The characters imitated may be better or worse, or neither better nor worse, than ordinary characters. In tragedy, better, in comedy, worse, than ordinary characters are "imitated".  Tragedy is the representation in pleasing language by means of persons acting and not merely by means of narration, of an action having dignity, completeness, and magnitude; producing, by its effect upon the emotions of fear (or terror) and pity, a purification of the mind of such feelings(12). The fear and pity (which must not be confounded here with horror and compassion) awakened by tragedy arise from the contemplation of a worthy character undergoing misfortune through some short-coming incident to human nature(13). Comedy is the imitation of only such worse than ordinary characters as are ridiculous merely. Epic poetry resembles tragedy in having for its subject an important action having beginning, middle, and end, but differs in requiring a more extended action, in admitting a larger degree of the wonderful, in being narrative and employing neither music nor the spectacle, and in requiring a nobler diction and more stable metre. Tragedy excels epic poetry for the following reason: it possesses every excellence of the latter and, besides, greater perspicuity and a greater degree of simplicity and unity(14). The chief point to be attended to in both kinds of poetry is the fable, or story, of the action. As compared with history, poetry is the more philosophical, because it gives more truthfully the universal element of human life(15).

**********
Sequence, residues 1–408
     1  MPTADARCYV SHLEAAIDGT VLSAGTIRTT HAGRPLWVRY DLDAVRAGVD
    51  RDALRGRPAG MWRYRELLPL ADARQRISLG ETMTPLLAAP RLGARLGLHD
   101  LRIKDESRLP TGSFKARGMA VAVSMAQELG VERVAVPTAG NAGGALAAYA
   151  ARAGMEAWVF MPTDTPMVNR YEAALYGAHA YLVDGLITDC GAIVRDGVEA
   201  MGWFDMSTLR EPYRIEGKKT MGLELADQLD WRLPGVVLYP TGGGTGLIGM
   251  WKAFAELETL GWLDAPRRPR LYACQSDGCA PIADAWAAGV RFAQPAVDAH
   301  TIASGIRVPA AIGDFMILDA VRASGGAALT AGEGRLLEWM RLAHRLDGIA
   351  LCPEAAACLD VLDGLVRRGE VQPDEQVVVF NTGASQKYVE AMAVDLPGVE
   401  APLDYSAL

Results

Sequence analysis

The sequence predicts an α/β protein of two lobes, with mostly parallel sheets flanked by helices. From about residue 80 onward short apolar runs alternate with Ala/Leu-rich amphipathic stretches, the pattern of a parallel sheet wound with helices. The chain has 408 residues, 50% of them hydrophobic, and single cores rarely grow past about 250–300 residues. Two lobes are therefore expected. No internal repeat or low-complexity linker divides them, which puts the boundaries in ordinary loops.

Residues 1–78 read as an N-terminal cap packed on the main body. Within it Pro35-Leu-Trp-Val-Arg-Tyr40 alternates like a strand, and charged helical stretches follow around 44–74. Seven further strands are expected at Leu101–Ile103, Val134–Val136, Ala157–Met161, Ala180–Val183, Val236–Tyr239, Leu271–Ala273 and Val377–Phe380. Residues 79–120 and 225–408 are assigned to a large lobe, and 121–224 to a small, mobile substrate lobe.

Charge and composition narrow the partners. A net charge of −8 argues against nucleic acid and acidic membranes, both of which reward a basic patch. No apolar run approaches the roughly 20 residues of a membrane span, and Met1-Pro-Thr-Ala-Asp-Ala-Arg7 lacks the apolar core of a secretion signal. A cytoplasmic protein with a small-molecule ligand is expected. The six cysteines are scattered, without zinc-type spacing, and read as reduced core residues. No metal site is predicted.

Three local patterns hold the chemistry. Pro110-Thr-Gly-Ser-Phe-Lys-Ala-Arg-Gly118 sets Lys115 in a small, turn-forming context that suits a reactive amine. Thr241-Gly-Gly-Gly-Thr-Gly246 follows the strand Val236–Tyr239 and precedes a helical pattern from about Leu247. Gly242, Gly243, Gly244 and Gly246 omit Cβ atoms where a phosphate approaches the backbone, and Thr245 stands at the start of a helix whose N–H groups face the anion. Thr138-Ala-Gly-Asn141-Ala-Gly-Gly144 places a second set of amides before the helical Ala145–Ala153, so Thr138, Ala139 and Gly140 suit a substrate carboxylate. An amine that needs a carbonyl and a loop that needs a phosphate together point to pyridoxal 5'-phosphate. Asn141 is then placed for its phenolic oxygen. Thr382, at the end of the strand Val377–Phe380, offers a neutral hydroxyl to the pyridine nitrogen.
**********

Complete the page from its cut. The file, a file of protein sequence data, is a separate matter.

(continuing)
__________

(1) Rhetoric, Bk. I. chs. 1, 2.

(2) Rhetoric, Bk. I. ch. 3; Bk. II. ch. 1; Bk. I. ch. 2.

(3) Ibid., Bk. II, ch. 26 and Bk. III. ch. 1.

(4) Ibid., Bk. I. ch. 3.

(5) Rhetoric, Bk. I, ch. 1. Attention may here be called to the remarkable discussion of the passions and aspirations of men in the first seventeen chapters of Bk. II.

(6) Nicomachean Ethics, Bk. VI. ch. 4, and Metaphysics, Bk. I. ch. 2.

(7) Physics, Bk. II. ch. 8.

(8) Poetic, ch. 9.

(9) Politics, Bk. V. chs. 5 and 7.

(10) Metaphysics, Bk. I. ch. 1; Poetic, ch. 4; Rhetoric, Bk. I. ch. 4.

(11) Politics, Bk. V. ch. 7.

(12) Poetic, ch. 6.

(13) Poetic, chs. 13 and 14.

(14) Ibid., ch. 26.

(15) Ibid., ch. 9.